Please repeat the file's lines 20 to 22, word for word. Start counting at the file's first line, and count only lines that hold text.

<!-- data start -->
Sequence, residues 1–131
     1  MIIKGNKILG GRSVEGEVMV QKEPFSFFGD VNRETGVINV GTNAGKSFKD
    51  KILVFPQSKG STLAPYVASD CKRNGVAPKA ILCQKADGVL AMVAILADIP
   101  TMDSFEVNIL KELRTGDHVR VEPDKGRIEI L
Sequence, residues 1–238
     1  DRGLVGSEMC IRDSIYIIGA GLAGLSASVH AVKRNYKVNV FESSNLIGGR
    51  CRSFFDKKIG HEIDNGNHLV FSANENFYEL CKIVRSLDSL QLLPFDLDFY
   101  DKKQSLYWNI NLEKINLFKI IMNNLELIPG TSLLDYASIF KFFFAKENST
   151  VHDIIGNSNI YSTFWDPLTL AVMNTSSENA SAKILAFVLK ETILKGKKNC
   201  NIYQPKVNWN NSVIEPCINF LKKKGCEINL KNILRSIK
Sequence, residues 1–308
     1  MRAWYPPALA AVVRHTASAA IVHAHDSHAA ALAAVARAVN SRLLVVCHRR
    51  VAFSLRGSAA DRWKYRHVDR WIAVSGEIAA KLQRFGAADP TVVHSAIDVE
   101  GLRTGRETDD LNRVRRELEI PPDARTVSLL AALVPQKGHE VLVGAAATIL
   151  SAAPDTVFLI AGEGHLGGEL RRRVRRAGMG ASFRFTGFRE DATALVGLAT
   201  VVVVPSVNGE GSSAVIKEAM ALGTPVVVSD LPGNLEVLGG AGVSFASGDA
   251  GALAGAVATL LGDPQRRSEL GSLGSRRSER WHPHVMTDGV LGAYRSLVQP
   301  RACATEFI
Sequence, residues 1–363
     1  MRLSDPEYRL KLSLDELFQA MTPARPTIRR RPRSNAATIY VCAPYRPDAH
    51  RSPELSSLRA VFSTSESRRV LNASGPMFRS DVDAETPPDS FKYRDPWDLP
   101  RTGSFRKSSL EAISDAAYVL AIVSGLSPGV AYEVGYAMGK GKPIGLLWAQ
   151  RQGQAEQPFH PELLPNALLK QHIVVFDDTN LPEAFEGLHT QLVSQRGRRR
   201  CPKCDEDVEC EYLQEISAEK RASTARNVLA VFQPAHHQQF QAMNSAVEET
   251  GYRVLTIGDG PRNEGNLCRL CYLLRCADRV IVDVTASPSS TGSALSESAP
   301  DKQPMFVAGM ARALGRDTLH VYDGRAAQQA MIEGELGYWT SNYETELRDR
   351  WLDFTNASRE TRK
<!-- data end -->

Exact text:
     1  MRLSDPEYRL KLSLDELFQA MTPARPTIRR RPRSNAATIY VCAPYRPDAH
    51  RSPELSSLRA VFSTSESRRV LNASGPMFRS DVDAETPPDS FKYRDPWDLP
   101  RTGSFRKSSL EAISDAAYVL AIVSGLSPGV AYEVGYAMGK GKPIGLLWAQ